The following is an expanded excerpt from my February 4, 2009 lecture at the Brooklyn Public Library. You can find additional excerpts (including Parts 1 and 2) under the theory label.
Earlier, I described value as being primal, which has two meanings, both of which were intended. Value is primal in the sense that it is the most significant and fundamental of color’s attributes. It’s the foundation of our understanding of the world around us because it reveals what, if anything, lies before us. It is also primal in the primitive sense: it was the first part of our visual system to evolve.
Because of this, I give it greater weight in the balance of color composition. As I mentioned previously, I begin most paintings with a monochromatic underpainting. It’s the foundation on which I construct the rest of the painting. It is the axis upon which the globe of color spins!
But let’s take a nice trip down Pragmatic Blvd. (my favorite place to "cruise for chicks") to the local Kinko’s. In this command center of paper clips and photocopiers, they thoughtfully display an informational poster. It is provided to customers as a general guide for selecting colors that are best suited for creating legible text. To see the reason for this, all we have to do is convert the image to grayscale. It is their great hope that you don’t end up making something like this:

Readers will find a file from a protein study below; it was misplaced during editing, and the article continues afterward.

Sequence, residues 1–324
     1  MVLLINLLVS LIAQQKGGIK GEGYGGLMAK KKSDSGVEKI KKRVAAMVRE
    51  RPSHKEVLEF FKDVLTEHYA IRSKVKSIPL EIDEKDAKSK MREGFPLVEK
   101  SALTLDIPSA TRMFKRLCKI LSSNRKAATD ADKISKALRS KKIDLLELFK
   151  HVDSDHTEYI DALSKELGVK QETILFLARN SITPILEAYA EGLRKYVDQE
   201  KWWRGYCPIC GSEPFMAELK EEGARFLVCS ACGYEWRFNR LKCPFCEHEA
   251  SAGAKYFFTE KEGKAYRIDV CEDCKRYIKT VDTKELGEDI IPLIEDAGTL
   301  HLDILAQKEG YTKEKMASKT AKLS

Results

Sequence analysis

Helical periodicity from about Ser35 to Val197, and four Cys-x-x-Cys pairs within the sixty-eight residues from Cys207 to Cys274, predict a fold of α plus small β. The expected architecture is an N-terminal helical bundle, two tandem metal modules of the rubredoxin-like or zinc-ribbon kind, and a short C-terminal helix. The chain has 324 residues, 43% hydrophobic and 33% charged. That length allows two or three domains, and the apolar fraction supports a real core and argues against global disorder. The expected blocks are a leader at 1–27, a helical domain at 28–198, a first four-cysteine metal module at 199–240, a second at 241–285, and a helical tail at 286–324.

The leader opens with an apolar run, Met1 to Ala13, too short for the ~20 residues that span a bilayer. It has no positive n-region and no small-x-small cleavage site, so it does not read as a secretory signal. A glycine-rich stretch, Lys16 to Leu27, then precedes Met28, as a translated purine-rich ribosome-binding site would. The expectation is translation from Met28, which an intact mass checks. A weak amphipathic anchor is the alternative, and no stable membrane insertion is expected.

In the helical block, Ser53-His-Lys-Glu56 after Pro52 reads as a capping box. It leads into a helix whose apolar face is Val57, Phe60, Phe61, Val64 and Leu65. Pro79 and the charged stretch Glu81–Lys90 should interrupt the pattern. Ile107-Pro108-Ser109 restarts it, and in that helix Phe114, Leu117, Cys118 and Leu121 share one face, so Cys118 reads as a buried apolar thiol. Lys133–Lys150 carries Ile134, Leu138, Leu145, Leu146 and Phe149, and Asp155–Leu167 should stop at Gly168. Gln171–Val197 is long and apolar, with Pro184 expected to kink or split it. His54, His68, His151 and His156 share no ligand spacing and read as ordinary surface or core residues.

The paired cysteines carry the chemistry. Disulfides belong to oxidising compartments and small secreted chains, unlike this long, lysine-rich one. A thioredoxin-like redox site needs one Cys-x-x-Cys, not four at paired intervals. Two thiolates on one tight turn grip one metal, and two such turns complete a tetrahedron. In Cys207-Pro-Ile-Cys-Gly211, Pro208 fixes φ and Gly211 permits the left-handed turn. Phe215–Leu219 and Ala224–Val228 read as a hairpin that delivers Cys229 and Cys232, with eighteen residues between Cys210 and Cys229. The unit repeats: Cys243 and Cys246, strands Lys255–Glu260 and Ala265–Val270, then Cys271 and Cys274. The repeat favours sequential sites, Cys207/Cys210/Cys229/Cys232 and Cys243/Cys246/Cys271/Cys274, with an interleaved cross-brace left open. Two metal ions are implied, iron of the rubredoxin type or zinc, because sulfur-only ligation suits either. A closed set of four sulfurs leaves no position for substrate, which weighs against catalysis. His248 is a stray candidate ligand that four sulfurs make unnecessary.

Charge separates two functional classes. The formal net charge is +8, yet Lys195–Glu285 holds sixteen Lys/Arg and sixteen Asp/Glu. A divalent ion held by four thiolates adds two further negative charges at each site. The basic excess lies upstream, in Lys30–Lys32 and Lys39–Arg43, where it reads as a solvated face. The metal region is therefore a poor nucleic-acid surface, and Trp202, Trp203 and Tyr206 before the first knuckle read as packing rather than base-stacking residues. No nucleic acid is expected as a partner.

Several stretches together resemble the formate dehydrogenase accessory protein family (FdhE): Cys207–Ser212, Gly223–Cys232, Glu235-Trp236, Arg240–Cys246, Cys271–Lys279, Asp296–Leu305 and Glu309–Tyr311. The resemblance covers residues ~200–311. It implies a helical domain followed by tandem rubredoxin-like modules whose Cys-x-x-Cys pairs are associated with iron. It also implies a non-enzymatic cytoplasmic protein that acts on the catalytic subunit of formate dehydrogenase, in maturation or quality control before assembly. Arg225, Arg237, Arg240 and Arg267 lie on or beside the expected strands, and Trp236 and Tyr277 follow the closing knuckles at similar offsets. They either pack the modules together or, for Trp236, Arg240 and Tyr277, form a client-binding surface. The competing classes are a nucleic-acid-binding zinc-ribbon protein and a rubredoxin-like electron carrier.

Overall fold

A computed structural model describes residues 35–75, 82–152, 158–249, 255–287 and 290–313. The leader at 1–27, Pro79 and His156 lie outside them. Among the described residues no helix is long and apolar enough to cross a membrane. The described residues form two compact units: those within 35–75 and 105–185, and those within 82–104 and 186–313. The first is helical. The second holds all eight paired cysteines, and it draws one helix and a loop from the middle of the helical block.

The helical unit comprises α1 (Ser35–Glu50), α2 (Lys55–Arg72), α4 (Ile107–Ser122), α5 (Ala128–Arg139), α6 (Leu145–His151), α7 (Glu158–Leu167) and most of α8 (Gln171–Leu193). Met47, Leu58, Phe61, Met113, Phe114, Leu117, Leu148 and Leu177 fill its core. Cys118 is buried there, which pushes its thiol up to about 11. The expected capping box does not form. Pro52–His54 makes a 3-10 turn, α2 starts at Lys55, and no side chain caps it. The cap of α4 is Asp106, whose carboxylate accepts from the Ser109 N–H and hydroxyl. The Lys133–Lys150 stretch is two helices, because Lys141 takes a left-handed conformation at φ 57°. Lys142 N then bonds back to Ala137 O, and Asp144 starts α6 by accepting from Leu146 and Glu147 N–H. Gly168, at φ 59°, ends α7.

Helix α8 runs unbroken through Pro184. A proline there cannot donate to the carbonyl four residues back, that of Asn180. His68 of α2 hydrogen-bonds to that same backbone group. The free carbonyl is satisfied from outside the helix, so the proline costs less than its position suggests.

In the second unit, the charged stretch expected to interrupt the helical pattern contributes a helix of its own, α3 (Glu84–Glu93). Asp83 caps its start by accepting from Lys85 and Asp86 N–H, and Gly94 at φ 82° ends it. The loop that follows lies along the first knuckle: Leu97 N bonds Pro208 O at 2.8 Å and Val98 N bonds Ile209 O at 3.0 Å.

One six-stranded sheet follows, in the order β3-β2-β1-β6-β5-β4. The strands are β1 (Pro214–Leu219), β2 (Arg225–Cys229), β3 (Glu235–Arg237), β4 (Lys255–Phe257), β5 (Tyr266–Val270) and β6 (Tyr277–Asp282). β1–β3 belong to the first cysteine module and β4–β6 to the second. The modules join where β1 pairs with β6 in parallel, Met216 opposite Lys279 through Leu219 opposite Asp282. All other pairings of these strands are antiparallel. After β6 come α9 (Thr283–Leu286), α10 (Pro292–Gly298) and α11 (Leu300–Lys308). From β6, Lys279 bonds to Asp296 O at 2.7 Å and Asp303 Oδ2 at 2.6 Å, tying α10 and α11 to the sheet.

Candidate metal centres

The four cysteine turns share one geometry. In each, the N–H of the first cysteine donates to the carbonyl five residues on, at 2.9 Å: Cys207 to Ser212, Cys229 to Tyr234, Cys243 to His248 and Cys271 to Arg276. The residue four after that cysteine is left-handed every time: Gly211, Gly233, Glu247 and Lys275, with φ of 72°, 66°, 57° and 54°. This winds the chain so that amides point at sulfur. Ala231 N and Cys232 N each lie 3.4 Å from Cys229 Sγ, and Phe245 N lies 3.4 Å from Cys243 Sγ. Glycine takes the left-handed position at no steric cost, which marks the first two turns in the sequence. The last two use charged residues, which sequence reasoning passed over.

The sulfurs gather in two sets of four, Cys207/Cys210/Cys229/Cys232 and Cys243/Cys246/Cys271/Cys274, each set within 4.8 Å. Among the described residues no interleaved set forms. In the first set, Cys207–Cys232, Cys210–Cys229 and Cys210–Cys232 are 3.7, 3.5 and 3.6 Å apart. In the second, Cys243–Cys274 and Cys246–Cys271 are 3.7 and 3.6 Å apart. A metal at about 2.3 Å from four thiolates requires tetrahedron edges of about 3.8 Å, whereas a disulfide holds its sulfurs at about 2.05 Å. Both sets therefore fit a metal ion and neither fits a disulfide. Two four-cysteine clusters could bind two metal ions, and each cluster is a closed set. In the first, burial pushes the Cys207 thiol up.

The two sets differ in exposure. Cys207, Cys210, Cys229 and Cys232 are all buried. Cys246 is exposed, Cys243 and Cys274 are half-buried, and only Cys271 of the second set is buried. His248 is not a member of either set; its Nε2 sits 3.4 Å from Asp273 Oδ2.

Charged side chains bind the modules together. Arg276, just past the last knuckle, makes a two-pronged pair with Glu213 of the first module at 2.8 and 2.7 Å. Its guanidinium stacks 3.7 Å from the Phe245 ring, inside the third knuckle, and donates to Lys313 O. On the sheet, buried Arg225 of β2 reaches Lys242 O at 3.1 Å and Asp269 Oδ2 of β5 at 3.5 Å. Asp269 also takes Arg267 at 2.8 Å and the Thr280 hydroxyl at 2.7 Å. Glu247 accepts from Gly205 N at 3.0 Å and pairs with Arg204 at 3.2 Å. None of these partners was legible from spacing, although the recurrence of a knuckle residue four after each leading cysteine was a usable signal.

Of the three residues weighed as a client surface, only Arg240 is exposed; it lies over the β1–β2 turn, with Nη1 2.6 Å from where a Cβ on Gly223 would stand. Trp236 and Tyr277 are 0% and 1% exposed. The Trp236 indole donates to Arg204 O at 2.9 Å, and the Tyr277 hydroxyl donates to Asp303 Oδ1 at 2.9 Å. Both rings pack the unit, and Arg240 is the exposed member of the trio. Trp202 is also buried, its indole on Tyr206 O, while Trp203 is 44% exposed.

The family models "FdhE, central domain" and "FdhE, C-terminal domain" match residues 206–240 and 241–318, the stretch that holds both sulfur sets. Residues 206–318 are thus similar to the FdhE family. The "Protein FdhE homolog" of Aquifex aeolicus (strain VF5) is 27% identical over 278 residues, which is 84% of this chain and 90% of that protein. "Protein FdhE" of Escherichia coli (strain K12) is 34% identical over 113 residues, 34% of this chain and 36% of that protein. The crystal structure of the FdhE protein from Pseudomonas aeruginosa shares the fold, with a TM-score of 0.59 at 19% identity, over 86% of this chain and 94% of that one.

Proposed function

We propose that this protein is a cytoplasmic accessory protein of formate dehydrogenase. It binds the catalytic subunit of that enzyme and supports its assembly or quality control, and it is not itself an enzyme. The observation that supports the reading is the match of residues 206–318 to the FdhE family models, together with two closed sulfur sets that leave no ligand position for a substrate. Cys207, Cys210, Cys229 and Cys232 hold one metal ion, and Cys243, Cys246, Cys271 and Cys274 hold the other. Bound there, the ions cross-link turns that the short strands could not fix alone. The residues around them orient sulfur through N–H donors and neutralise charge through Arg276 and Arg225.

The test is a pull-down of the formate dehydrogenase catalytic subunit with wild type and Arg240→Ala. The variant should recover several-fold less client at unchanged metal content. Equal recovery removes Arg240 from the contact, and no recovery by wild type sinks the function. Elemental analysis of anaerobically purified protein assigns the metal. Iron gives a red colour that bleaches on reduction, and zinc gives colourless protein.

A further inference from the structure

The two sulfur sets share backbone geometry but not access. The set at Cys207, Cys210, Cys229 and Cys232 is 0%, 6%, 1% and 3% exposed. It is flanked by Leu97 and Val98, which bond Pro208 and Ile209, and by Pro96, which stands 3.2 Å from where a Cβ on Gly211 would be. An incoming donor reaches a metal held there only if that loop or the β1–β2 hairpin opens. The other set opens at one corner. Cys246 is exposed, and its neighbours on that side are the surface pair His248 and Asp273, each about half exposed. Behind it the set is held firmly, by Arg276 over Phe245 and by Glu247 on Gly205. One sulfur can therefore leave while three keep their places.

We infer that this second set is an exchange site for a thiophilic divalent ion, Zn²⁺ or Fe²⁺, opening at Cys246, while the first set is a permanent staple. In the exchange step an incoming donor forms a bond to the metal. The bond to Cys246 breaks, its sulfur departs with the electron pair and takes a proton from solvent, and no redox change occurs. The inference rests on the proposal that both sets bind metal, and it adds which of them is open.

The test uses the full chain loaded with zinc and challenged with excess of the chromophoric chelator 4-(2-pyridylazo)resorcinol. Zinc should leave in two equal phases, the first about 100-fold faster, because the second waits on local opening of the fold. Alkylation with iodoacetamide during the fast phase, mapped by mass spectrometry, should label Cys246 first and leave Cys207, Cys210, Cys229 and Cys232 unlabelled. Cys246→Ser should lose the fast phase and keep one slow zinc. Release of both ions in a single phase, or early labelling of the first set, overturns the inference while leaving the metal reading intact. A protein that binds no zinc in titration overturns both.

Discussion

The point is that contrast, not what is commonly known as "color," is what we see. People (and, quite possibly, anything with eyes) see change, which is the key to understanding—and reproducing—the myriad of images that life brings us.
As representational artists, we must balance many factors, sometimes conflicting, in order to arrive at our goal. But by isolating one of color's three variables, value, we can significantly reduce the guesswork from the total equation. Furthermore, through diligent practice and repetition, a more natural sense of relationships will eventually develop, meaning we can "skip" that step physically because we have already completed it mentally. I liken this to using cylinders to construct the human form: it's not that I don't think that way when I'm sketching, but rather that I've surpassed the need to record it. The process happens without much thought because I know the rules of perspective and believe in the space (and forms) that I'm trying to represent on a flat surface.
There's actually quite a bit more I'd like to say on this subject (don't be surprised to see a Part 16 of 3 at some point), but I am out of time for the moment. I would, however, like to leave you with my favorite chapter from one of my favorite books, The Ancestor's Tale by Richard Dawkins. It provides a concise summary of how our vision works on the molecular level, but more importantly, it was instrumental in shaping the way I think about color and perception. The Howler Monkey's Tale explains how a chance mutation can provide unexpected benefits. The larger question—how a brain can cope (brilliantly) with such changes—remains unanswered. Fortunately for us, the opaque process does not need to be fully understood to be enjoyed.